It is known for its beauty and its corruption. Thailand immediately conjures up images of beaches, the tsunami of 2004, and human trafficking and red light districts. There have been frequent governmental upheavals. It is know as the "Land of Smiles" because the people are very friendly and hospitable, but it belies a deep need under the surface.

My YWAM friends have called for 40 days of prayer for Thailand. It started at the beginning of this month, but it is never too late to pray. I'm asking for my friends and interested people to remember Thailand in your prayers for the next month or so. God can speak prayer needs to your heart. If you are still wondering about how to pray, a suggestion would be to pray through the Seven Spheres of Influence that shape a society:


I was also referred to Bless Thailand, where they are slowly translating a prayer guide into English. If you've been to another country, you know that it sticks with you. I want the Father's heart for Thailand, and I hope the people there will open their hearts to the love He has for them in this season.

Thanks for praying! Bless you.

Wednesday, October 07, 2009

Help Out an Author (or Two)

Hey gang, for those of you interested in quality fantasy fiction, check out the new book Curse of the Spider King by Christopher Hopper and Wayne Thomas Batson. They are encouraging people to pre-order the book today to create an online buzz for it (better than an alcoholic buzz, right?) by having it jump the Amazon rankings. If you do it today, you can get freebies from the dynamic duo mentioned about. Here's Christopher's blog post about it, and here's the direct link to Amazon. It's a good price by pre-ordering too!

I ordered mine - where's yours?

Wednesday, September 30, 2009

Book Review - Exposure

Oh no, she didn't!

Brandilyn Collins did it again. Her trademark is "Seatbelt Suspense" because she takes the reader for a ride, and that's not a lie with her latest book, Exposure.

In small town Wilmore, Kentucky, Kaycee Raye is known as the town paranoid. She plies her fears into a successful syndicated column, but she still battles demons at home. Is she being watched, or is it just her imagination. The local police force may think she plays it for her writing.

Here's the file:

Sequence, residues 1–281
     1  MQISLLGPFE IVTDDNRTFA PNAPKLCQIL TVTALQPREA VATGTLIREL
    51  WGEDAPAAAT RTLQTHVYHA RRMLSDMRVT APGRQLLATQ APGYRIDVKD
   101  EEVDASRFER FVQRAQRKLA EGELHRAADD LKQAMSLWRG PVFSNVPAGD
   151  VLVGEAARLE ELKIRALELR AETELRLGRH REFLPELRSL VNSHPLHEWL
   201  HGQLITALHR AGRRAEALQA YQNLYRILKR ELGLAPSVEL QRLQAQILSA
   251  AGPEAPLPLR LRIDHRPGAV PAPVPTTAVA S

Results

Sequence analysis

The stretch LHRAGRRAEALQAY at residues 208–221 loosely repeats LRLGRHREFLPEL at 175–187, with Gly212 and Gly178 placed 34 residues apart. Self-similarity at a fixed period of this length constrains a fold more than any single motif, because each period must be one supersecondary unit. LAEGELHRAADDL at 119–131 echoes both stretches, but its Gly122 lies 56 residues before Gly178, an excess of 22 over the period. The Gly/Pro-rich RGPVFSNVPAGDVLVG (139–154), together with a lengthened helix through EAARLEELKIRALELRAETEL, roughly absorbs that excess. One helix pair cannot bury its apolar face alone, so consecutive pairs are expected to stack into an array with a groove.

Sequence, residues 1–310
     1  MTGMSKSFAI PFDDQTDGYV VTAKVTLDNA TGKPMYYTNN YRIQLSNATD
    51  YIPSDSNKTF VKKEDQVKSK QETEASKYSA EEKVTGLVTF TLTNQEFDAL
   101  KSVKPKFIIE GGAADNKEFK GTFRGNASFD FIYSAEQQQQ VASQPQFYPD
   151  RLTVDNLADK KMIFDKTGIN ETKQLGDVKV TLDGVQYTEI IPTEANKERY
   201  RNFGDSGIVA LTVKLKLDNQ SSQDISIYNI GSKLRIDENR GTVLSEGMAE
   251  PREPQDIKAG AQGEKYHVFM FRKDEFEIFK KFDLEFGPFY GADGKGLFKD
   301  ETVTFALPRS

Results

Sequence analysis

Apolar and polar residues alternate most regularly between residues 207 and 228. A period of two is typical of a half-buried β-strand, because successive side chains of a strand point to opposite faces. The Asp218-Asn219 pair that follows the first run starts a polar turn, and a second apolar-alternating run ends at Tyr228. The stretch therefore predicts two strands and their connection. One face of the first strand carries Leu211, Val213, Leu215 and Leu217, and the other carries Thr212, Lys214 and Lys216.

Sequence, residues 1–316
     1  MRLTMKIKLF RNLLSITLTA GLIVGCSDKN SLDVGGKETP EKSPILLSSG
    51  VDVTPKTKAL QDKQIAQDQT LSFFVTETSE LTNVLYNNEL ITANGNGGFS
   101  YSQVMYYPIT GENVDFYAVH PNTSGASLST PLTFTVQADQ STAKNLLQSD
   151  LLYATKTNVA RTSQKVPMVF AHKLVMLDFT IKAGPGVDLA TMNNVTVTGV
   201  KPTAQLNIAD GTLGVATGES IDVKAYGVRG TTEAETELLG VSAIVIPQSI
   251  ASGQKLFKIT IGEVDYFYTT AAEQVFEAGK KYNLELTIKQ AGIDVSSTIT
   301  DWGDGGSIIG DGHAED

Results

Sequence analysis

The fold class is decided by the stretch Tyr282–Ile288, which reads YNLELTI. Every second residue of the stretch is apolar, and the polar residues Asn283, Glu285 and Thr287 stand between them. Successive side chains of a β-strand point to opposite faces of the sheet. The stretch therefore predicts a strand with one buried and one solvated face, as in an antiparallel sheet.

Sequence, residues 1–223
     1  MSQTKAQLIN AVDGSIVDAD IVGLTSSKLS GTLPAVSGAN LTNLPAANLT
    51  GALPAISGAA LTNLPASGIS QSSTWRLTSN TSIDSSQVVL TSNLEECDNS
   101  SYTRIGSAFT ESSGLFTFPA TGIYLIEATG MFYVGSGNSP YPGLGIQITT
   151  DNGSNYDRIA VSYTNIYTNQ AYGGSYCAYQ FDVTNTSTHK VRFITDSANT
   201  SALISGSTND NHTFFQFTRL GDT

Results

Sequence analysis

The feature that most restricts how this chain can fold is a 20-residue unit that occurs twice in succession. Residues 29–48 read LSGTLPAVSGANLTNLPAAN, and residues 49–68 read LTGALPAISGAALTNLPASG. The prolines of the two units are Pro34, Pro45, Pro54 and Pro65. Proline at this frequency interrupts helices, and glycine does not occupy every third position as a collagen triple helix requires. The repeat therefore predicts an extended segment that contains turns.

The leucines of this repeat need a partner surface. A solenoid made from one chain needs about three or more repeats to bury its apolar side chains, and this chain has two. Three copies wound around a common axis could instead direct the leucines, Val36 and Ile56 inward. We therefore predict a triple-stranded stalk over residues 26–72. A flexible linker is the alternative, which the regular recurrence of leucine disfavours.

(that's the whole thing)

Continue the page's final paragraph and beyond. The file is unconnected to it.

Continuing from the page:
But what about the photo of a dead man on her camera?

When the bloody image appears on her computer and TV, she knows someone is really stalking her. However, the images vanish, leaving her no evidence to take to the police. When a tragedy strikes, she doesn't want to distract the police from her concerns, even though frightening events keep happening. Is she succumbing to her fears, or is there a real danger lurking?

I've been reading Brandilyn's books for a few years now, and I can expect some things: she has a unique vocabulary, she's going to put you in the protagonist's point of view so strongly you'll start to sweat, and she's going for the unexpected. When you're prepared for the unexpected, you won't be surprised, right?

She got me good this time.

I was actually getting a little frustrated with the book as it seemed to be moving along a few seemingly unconnected lines. The payoff was well worth it though, and I really enjoyed the "Aha" moment. I don't want to give away too much, because you have to read it for yourself.

Her strengths in characterization and keeping the suspense building are front and center as usual. I've noticed she has a few odd words she likes for certain situations, words I'm affectionately calling "Brandilynisms," and I guess they're losing a little of their uniqueness when I see them a few times a book. That is probably nit-picking, but that's the only thing I can really think of as a negative. The confusion of the plot lines early on was my negative point, but by the end I saw why it was done that way, and all my frustration melted when I got to the reveal.

She didn't really sucker me that much, did she?

Yes, she did.

Recommended highly for fans of suspense. There's a little blood and guts and a lot of peril for the faint at heart, but it serves the story and isn't there to shock. This book ought to win her new fans, and reward her stalwart ones.

Just watch behind you...

Saturday, September 19, 2009

We're Being Boarded!

This year on Talk Like a Pirate Day we were overrun with pirates!

First to report is the sneaky Mad Dog Matt, comin' over the wall and climbing the fort!

When we can repel the boarders, there'll be more pirate-y news for ye...

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Wednesday, September 16, 2009

Book Review - Through the Fire

A Hot Debut